NICOSIA, Cyprus — The chairman of the U.S. Senate Foreign Relations Committee said Thursday he will push to either end or extend the timeline of a legal clause that requires annual approval for the sale of U.S.-made weapons to Cyprus.
New Jersey Democratic Sen. Robert Menendez told a gathering of Cypriot diaspora in the capital Nicosia that ending or extending that year-by-year approval would enable ethnically divided Cyprus to have the “long range planning abilities” for its domestic defense.
“I think we have to keep enhancing our military to military cooperation, as well as our intelligence sharing, which has been extraordinary,” Menendez said. “Cyprus’ geostrategic position and location is an invaluable asset to our collective security.”
The U.S. imposed an arms embargo on Cyprus in 1987 to deter an arms race in the region, but lifted the embargo in 2020 amid improving relations with the island nation, while requiring annual approval for further sales.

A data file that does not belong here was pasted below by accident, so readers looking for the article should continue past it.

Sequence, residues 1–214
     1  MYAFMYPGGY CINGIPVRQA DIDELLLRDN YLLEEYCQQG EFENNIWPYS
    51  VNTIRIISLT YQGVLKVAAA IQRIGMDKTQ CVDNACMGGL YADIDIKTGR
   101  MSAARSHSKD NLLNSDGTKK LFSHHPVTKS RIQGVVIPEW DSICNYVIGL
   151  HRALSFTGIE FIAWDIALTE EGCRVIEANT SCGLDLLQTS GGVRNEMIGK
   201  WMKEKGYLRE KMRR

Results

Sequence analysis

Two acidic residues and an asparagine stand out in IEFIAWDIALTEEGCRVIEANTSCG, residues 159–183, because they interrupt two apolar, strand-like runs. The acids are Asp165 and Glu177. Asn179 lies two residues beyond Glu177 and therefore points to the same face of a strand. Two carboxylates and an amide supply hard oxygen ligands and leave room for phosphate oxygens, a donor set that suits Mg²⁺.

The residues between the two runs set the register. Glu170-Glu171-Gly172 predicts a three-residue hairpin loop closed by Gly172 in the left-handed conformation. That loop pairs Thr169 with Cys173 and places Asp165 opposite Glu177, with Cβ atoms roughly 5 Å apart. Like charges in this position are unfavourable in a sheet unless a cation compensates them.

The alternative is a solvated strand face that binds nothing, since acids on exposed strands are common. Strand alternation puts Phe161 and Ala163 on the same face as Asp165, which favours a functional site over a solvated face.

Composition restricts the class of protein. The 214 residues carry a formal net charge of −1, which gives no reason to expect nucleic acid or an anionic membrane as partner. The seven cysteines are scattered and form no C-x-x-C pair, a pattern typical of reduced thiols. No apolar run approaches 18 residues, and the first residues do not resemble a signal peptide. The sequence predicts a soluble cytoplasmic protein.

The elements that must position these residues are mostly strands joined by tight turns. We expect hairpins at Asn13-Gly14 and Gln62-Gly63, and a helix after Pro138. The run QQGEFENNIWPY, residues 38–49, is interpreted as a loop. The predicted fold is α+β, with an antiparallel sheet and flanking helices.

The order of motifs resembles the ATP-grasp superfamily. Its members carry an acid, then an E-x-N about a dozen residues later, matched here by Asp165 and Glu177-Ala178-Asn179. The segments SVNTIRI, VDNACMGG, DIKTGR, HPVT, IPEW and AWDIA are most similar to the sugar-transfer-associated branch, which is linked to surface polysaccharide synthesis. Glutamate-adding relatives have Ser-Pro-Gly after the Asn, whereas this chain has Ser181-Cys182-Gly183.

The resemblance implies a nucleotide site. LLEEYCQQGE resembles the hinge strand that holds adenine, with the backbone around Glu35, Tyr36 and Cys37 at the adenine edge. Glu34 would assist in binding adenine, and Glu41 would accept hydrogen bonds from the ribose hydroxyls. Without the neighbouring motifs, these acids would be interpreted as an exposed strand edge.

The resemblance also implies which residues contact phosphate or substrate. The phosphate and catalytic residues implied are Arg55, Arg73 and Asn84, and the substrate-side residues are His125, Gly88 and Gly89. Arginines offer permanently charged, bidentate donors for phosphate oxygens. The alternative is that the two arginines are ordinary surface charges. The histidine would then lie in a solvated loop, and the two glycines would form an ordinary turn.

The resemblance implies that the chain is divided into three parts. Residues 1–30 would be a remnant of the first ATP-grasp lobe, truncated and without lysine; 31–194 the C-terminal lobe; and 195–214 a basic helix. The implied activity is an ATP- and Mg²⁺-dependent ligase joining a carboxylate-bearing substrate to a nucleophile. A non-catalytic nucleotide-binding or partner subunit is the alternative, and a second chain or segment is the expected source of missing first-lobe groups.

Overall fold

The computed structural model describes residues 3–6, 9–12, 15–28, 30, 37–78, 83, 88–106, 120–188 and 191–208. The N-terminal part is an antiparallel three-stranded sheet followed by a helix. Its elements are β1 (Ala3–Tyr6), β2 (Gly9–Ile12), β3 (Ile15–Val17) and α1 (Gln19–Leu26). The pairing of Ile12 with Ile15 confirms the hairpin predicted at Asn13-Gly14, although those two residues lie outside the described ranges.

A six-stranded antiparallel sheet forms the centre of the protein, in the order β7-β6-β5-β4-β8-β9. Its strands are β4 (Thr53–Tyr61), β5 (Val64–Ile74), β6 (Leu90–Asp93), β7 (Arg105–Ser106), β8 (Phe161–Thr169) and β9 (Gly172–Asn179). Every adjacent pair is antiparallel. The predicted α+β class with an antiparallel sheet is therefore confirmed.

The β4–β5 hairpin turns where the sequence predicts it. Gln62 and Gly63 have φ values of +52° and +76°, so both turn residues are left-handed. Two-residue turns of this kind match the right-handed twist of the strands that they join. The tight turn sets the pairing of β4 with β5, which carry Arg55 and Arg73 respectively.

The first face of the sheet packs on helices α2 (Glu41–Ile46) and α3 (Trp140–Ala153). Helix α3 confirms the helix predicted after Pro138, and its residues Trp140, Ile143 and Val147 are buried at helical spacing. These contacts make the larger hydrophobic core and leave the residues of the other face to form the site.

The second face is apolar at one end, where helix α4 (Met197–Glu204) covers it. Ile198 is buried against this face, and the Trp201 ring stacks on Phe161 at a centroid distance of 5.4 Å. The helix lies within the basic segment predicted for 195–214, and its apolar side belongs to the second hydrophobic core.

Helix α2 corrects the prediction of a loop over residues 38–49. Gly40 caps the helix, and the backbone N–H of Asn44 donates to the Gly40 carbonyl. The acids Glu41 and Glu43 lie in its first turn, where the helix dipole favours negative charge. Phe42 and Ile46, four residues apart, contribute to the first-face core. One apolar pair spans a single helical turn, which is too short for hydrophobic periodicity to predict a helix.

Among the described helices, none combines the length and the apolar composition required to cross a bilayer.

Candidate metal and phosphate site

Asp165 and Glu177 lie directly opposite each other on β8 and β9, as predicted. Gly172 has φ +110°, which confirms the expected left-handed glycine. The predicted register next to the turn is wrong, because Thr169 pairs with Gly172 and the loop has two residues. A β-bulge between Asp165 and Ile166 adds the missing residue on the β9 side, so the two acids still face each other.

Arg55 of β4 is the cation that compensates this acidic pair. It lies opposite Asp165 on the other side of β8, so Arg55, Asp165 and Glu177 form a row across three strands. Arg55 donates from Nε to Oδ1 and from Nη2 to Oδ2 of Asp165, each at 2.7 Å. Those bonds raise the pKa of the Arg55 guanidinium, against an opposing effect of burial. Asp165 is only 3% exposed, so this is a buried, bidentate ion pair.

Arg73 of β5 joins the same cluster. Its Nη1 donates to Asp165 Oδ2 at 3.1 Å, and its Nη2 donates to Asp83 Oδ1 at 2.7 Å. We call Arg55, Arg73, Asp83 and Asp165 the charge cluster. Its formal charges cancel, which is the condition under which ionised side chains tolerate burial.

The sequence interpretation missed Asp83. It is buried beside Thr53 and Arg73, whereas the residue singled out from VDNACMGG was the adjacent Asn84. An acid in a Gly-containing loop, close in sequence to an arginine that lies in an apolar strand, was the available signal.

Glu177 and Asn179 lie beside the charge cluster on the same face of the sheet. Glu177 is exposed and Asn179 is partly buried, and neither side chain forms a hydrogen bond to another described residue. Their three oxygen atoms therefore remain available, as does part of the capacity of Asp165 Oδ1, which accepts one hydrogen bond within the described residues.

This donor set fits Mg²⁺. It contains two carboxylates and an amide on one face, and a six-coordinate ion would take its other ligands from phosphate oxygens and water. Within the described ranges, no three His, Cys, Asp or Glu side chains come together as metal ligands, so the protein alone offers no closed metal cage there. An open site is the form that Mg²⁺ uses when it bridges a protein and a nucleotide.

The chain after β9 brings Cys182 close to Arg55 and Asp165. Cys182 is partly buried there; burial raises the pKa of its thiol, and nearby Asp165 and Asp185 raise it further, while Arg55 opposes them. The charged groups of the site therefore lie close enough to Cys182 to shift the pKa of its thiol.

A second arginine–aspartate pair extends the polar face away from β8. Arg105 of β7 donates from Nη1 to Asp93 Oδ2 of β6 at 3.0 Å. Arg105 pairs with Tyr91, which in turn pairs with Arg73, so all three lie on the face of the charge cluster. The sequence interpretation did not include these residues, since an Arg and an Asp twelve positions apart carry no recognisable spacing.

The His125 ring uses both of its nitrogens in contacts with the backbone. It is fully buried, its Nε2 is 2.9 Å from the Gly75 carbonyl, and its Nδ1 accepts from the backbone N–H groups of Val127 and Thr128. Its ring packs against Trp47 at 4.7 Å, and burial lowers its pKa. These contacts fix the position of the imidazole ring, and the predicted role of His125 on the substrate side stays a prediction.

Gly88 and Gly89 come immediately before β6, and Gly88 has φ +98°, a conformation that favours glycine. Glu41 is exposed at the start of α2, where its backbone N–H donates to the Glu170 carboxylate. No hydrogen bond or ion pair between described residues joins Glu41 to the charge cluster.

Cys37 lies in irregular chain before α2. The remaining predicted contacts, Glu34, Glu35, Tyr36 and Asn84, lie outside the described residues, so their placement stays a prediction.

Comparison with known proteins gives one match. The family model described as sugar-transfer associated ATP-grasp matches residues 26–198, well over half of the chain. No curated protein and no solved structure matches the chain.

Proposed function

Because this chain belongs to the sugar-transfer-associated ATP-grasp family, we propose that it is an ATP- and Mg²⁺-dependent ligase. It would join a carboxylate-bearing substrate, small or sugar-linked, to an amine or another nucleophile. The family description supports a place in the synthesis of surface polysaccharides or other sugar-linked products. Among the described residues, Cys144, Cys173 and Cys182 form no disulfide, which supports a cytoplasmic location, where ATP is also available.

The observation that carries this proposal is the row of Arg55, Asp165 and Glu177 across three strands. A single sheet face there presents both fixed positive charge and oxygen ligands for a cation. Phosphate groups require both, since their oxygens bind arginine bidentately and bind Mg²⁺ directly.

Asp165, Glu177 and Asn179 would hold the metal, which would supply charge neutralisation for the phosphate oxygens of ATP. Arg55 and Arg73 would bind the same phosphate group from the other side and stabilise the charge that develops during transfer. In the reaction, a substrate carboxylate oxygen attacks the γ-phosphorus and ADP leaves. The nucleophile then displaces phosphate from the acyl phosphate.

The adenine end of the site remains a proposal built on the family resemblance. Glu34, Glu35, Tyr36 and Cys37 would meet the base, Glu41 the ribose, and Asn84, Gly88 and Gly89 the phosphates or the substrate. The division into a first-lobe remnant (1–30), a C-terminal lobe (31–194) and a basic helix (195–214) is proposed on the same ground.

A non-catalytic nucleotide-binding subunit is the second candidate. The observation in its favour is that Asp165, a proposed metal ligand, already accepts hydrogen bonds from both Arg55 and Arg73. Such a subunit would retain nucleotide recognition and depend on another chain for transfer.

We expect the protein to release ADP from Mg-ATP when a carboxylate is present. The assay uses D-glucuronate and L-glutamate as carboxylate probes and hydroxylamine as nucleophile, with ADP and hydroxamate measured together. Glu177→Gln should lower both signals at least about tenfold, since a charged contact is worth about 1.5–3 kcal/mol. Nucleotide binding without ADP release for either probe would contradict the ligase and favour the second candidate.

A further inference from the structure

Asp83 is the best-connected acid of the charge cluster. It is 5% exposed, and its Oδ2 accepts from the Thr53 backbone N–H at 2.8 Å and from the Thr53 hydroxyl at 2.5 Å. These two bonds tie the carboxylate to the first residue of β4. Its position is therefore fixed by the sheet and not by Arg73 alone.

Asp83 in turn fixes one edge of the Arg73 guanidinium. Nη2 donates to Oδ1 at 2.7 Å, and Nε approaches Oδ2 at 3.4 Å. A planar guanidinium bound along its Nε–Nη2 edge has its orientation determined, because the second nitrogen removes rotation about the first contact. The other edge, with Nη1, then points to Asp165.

U.S. Secretary of State Antony Blinken last week approved exports, re-exports and transfers of U.S.-made weapons to Cyprus for the fiscal year 2024 after certifying that the east Mediterranean island nation met the “necessary conditions.”
Those conditions include implementing anti-money laundering regulations and denying Russian military vessels access to ports for refueling and servicing.
Cyprus barred Russian warships from using its ports in early March 2022 following the the start of Moscow’s war on Ukraine.
The conditions are enshrined in the Eastern Mediterranean Security and Energy Partnership Act that the U.S. Congress passed in 2019. The law underscores U.S. support for closer ties among Greece, Cyprus and Israel based on recently discovered offshore gas deposits.
The embargo in 1987 was aimed at preventing a potential arms race from harming peace talks with the Mediterranean island nation’s breakaway Turkish Cypriots. Cyprus was split in 1974 when Turkey invaded following a coup aimed at union with Greece. Only Turkey recognizes a Turkish Cypriot declaration of independence in the island's northern third and maintains more than 35,000 troops there.
Barred access to U.S. weapons, Cyprus in the past turned to Russia to procure Mi-35 attack helicopters, T-80 tanks and Tor-M1 anti-aircraft missile systems.